Top three forms of workplace discrimination 

Any action that targets an employee based on such attributes as their disability, race, gender, sexual orientation, or age, as opposed to their professional skill, is considered discrimination. It is also unlawful to retaliate against an employee for complaining about such discrimination. 

The Equal Employment Opportunity Commission, also known as the EEOC, is the federal agency responsible for enforcing anti-discrimination laws. Every year, the EEOC publishes statistics on the number of discrimination claims submitted to the agency during the previous fiscal year, broken down by the type of discrimination alleged. 

Here are the top three forms of discrimination in the workplace (as most recently published by the EEOC): 

1. Retaliation.

34,332 retaliation charges were filed with the EEOC during fiscal year 2021.  This represents 56% of all charges filed. 

The tricky thing about retaliation is that the underlying claim does not necessarily have to be a valid one for the retaliation charge to stick.  For example, even if an employee’s internal harassment complaint is investigated and found to be unsubstantiated, if that person’s employment is adversely affected in any way after the complaint was filed, the employer, may be liable for retaliation.  

Rule of thumb for employers: Do not fire an employee or change their working conditions after they complain about harassment or discrimination, unless you have good, well-documented reasons for doing so that pre-date the employee’s complaint.  

2. Disability.

22,843 disability charges were filed during the fiscal year 2021. This represents 37.2% of all charges filed.

Keep in mind that the employer needs to know about the employee’s disability to be liable for discrimination on that basis. Some disabilities are easy to detect – others, not so much. Whether or not their disability is visible, employers must be careful about what they ask of an employee who is not performing well.  They should not ask them if their disability is causing their performance issues. The best question to ask is: How can we help you?  

If the employee reveals a disability and requests an accommodation to be able to continue to perform their job, while the employer doesn’t necessarily have to honor their specific request, the employer must engage in an interactive dialogue with the employee to determine if the requested accommodation is reasonable and does not cause undue hardship to the company.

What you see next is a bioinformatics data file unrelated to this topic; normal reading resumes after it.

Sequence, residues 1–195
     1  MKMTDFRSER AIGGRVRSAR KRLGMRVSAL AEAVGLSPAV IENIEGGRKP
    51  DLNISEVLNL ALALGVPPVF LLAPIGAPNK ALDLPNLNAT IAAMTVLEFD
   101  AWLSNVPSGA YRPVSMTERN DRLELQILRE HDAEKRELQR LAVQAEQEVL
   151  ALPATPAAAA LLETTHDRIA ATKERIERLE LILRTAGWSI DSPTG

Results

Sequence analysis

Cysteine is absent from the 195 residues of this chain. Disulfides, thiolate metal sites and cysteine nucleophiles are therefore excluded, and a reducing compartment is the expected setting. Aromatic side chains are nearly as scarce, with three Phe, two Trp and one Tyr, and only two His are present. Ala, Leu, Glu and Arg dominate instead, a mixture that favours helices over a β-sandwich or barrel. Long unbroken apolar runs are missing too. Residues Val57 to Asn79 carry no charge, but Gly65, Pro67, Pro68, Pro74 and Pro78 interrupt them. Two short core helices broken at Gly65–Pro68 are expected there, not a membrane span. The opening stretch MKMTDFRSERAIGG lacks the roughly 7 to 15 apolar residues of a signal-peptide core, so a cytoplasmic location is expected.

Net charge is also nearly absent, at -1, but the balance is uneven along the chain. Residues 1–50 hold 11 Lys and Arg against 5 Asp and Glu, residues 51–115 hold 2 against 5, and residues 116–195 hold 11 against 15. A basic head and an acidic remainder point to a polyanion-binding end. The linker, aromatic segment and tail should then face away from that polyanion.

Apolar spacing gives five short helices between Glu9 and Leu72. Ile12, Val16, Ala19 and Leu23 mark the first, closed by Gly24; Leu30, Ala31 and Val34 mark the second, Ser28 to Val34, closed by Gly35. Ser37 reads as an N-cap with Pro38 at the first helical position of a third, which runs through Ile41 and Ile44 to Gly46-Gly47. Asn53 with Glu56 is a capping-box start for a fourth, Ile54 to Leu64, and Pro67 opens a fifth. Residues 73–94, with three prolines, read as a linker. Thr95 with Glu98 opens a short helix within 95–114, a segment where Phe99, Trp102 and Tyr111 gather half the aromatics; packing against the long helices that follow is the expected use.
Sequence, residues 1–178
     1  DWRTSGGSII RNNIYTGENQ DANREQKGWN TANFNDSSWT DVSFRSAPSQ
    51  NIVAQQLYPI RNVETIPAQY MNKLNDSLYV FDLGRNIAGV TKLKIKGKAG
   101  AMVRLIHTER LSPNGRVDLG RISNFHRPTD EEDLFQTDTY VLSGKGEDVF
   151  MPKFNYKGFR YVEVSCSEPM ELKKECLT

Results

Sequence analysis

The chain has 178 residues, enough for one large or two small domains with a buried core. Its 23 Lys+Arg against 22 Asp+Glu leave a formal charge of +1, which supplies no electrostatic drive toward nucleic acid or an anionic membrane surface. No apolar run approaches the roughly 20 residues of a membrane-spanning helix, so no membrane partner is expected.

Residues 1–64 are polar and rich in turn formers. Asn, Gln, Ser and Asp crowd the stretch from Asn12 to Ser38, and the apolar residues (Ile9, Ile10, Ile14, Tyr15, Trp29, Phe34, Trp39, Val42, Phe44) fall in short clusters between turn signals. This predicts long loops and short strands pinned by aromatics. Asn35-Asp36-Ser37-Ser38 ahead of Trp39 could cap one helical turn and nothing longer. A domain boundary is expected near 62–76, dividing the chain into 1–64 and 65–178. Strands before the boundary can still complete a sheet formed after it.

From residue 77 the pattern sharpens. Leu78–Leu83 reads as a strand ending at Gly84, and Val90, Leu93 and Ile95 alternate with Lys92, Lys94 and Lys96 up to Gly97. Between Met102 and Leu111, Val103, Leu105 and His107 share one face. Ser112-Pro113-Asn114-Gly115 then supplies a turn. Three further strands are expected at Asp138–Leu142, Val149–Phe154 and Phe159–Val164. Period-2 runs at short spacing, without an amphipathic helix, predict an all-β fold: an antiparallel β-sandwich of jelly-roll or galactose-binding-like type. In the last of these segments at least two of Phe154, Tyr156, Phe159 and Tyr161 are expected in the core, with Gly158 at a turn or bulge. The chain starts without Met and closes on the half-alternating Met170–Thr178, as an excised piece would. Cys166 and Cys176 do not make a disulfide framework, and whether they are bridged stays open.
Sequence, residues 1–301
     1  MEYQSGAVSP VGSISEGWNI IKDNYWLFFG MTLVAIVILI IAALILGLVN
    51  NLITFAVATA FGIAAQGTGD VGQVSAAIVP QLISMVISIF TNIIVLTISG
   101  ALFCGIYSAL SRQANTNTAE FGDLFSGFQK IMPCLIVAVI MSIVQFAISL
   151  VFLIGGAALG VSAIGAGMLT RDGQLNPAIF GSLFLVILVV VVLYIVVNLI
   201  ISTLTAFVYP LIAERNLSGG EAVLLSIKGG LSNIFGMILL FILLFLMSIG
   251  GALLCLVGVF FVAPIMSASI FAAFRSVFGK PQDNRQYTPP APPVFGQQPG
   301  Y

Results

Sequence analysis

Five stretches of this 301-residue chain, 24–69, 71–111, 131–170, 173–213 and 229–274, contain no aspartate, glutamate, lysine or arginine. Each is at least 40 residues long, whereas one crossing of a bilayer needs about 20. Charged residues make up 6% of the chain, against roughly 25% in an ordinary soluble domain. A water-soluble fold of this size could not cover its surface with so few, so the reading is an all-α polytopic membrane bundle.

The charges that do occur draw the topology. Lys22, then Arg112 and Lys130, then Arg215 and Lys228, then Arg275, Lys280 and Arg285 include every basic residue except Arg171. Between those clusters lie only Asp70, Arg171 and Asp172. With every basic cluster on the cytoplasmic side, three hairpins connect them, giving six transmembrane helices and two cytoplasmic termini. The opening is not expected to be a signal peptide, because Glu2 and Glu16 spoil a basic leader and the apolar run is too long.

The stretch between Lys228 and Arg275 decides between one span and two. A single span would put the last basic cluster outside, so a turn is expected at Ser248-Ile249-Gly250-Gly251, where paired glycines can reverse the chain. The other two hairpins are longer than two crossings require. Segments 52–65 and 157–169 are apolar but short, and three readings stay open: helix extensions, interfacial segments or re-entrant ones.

3. Race discrimination.

20,908 such charges were filed during the fiscal year 2021.  This represents 34.1% of all charges filed.

Unfortunately, race discrimination in the workplace and elsewhere is all too prevalent in our polarized society.  Training in diversity, equity, and inclusion will go a long way toward eliminating race discrimination from the workplace and thus the employer’s liability.  Not only is it the right thing to do, but studies have shown that the more diverse the workforce is, the more profitable the business will be.  And, of course, the fewer lawsuits the employer will have to defend.  

Employees who have experienced workplace discrimination may find it challenging to concentrate at work, and they often perform poorer as a result. While everyone should pay special attention to these top three forms of discrimination, do not overlook the other forms. 

Employers need to actively work to prevent discrimination by:

  • creating and enforcing up-to-date policies that include a robust complaint and investigation process,
  • providing training to employees, and
  • promoting diversity and inclusion.

If discrimination does occur, employers should handle claims thoroughly and fairly, and employees who experience discrimination should consider contacting an employment attorney for assistance with their complaint.

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